Hachi? Gesundheit

Bill Kris Wilma 5.16We are back in Denver following our visit to Chicago to see Bill’s mother. She is in assisted living in an extraordinarily nice retirement community that offers accommodations ranging from independent care all the way to memory care. I’ve mentioned before that she found Smith Crossing all by herself, and subsequently made the decision to sell the house where Bill spent his formative years on the south side of Chicago and move to this retirement community in Orland Park, a far-south suburb.

I have always been proud that she was so wise and recognized that the house in which she lived was going to become unmanageable for her before it actually was unmanageable. Oh, that I should be so wise when I’m in my 80s.

As Bill and I have become older, there have been a number of times in which I’ve looked at our big back yard that takes Bill literally several hours to mow and trim each week, or faced having to come up with something interesting for dinner when nothing sounds good, and thought, hmmmm, maybe Smith Crossing wouldn’t be so bad. The food is good and someone else plans the meals, cooks the food, and cleans up after. The grounds are nice and Bill doesn’t have to break his back caring for it.

“I’m thiiiiiis close to being ready to move into something like your mom’s place here in Denver,” I have told Bill several times.

Until this recent trip.

I’m not sure exactly what the difference was. Maybe it’s that she now lives in assisted living rather than her own independent apartment. Maybe it’s because we stayed in the guest room right in Smith Crossing, and so we saw many of the goings-on as we walked back and forth from our little guest room to Wilma’s unit.

All I know is I’m not quite ready to throw in the towel yet.

This is the conversation I overhead at which time I firmly decided we will stay put right where we are: A husband and wife were walking down the hall together – dueling walkers — and I was behind them. The husband said to his wife, “I recorded the dog show today.” She answered , “What dog show? Was the Westminster Dog Show on today?”

He quickly explained, “No, I recorded Hachi the Dog.” She looked puzzled. “You recorded what?” she asked. “Hachi the Dog,” he repeated.

“Spell it,” she commanded.

“H-A-C-H-I,” he said. “It was a movie. I recorded it.”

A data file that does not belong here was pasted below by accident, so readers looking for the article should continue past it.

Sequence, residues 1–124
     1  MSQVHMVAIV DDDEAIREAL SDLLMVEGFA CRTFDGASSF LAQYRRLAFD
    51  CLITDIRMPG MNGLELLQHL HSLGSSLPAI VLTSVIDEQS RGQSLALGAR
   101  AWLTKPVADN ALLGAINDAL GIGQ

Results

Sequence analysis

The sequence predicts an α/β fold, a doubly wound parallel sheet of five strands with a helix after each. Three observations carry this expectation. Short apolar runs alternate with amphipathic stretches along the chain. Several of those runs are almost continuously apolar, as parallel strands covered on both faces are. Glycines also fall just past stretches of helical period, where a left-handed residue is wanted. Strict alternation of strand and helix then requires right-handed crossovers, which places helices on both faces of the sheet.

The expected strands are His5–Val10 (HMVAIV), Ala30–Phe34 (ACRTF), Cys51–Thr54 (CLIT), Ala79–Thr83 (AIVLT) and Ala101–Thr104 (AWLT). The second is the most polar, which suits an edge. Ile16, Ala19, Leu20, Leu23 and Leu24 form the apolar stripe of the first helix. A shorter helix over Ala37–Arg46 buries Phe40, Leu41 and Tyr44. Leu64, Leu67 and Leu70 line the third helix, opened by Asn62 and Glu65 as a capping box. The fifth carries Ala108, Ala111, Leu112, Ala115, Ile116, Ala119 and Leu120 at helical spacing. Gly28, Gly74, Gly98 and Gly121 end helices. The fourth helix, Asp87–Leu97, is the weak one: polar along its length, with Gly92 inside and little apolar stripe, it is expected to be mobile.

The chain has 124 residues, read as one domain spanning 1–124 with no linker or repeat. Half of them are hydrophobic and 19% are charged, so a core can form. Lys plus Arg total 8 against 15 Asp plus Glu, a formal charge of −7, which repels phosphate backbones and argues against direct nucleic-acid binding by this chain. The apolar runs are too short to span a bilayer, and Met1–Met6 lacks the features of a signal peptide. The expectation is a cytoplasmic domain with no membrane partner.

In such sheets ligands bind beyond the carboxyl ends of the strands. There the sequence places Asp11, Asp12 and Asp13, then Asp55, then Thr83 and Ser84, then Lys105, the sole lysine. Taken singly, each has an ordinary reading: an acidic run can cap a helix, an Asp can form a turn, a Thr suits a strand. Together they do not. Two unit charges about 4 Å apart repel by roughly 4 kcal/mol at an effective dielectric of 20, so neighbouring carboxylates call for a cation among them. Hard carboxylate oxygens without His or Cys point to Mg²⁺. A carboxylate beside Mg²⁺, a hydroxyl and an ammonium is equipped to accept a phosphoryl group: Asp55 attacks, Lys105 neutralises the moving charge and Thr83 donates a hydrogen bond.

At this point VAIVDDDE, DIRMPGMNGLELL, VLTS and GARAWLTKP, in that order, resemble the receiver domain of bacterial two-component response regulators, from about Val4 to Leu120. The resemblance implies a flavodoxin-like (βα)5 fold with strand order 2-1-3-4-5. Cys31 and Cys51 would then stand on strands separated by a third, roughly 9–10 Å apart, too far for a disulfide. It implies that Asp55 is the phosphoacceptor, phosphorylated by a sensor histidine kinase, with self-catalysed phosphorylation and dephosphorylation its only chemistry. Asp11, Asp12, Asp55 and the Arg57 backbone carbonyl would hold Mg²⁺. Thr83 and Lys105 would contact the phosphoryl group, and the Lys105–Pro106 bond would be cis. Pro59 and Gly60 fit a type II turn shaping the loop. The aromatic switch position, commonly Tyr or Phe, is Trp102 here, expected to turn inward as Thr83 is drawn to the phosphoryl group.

“Was it the Westminster Dog Show?” she asked again.

About that time, just as I thought my head would explode, they turned the corner and I could no longer hear their conversation. I therefore have no clue just how long this conversation went on. All I know is I don’t think I’m ready to have this be the conversation at my dinner table yet.

Hachi: A Dog's Tale

Hachi: A Dog’s Tale

Westminster Dog Show

Westminster Dog Show

I mentioned in my Saturday Smile that there is a pub. I noticed one day on the list of events for the day that at 6 o’clock, there would be Pub Games in Smitty’s Pub. I was curious about what kinds of games were being played. Did they play poker? Maybe some kind of trivia. My curiosity forced me to go down a little after 6 that evening to see what game was being played. What I saw was a group of woman playing what was basically Bingo; however, instead of calling out B-6 or N-4, they called out Manhattan or Cosmopolitan, or Draft Beer. Apparently Bingo = pub games as long as you use names of adult beverages. You can take the 80-year-old woman out of the bingo hall, but you can’t take the bingo hall out of the 80-year-old woman.

Residents were, however, selling chances on the Kentucky Derby. Having not purchased one, I can’t tell you what they were charging for a chance. But there was a card table set up outside of the dining room staffed by a woman wearing a cardigan over her shoulders and sensible shoes, hawking chances.

“Buy your Kentucky Derby chance right here,” she called as folks walked by. I’m not sure it was all entirely legal, and the staff people were walking by quickly with their eyes decidedly looking at the floor.

One day I went to chair aerobics with Wilma. There were about 10 women sitting in chairs doing a variety of stretches, sometimes using bands to provide resistance. As little exercise as I have gotten of late, I can’t say anything bad about this activity. And God bless the exercise instructor who could be working at LA Fitness but has chosen instead to keep seniors healthy.

All-in-all, Wilma lives in a really nice place, but not one that I aspire to very soon. And now I’m going to go watch Hachi the Dog. Bill recorded it.

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